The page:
Also.  Paul S... do you think I should only send up to the NULL terminator in the sBuffer to the other arduino?  It would make the code a little bit more robust.  This being stated... is there some type of malloc that I could use to dynamically handle the char array. or should I just make my buffers on the first Arduino larger?

Thanks for all of your help
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First off, I'm glad that things are working (better) for you.

As far as sending the whole array, there are a couple of ways to deal with that. You could send the length first, then the valid data. Less data is transmitted this way, which makes the process faster. The only potential issue with this is that serial data transmission is not guaranteed, so the number of characters actually received will not necessarily the number sent.

The other way is to not worry about the length. Start and end the packet sent with some markers. Read and store the data starting when the start marker arrives, and ending when the end marker arrives. Some sample code to read delimited packets:
Code:
#define SOP '<'
#define EOP '>'

bool started = false;
bool ended = false;

char inData[80];
byte index;

void setup()
{
   Serial.begin(57600);
   // Other stuff...
}

void loop()
{
  // Read all serial data available, as fast as possible
  while(Serial.available() > 0)
  {
    char inChar = Serial.read();
    if(inChar == SOP)
    {
       index = 0;
       inData[index] = '\0';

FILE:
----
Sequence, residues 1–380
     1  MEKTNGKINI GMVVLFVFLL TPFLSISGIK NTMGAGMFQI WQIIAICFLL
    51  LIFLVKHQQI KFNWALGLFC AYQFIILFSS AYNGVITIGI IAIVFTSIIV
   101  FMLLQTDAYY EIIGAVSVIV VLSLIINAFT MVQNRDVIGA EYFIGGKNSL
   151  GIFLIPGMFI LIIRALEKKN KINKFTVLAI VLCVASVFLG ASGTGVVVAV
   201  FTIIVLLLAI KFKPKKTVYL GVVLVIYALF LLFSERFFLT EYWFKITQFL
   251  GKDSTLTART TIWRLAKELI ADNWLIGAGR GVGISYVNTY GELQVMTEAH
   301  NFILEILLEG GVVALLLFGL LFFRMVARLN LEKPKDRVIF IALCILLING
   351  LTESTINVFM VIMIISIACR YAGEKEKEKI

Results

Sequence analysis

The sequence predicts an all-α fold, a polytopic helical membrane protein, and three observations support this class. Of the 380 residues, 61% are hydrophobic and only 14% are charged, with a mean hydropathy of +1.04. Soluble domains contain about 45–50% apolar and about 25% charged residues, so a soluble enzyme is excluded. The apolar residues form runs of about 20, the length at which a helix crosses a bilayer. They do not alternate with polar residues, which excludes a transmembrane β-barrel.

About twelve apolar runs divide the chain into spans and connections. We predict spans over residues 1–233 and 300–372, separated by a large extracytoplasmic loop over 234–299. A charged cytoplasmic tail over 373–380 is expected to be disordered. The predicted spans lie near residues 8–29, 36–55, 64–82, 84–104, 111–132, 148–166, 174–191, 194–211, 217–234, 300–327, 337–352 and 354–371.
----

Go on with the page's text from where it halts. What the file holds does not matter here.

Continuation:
started = true;
       ended = false;
    }
    else if(inChar == EOP)
    {
       ended = true;
       break;
    }
    else
    {
      if(index < 79)
      {
        inData[index] = inChar;
        index++;
        inData[index] = '\0';
      }
    }
  }

  // We are here either because all pending serial
  // data has been read OR because an end of
  // packet marker arrived. Which is it?
  if(started && ended)
  {
    // The end of packet marker arrived. Process the packet

    // Reset for the next packet
    started = false;
    ended = false;
    index = 0;
    inData[index] = '\0';
  }
}

Quote
is there some type of malloc that I could use to dynamically handle the char array. or should I just make my buffers on the first Arduino larger?
There are two problems with trying to dynamically allocate data on the first Arduino. The first is that the data is coming from an ethernet connection, and you have no ideal, before the data starts to arrive, how much there is going to be. Even if you did, there is not a lot of memory available on the Arduino, so memory fragmentation is a real problem when dynamic memory allocation occurs. There is no easy way to rearrange the dynamically allocated memory, to reclaim small fragments.

Properly sizing the static array on the Arduino is the best approach.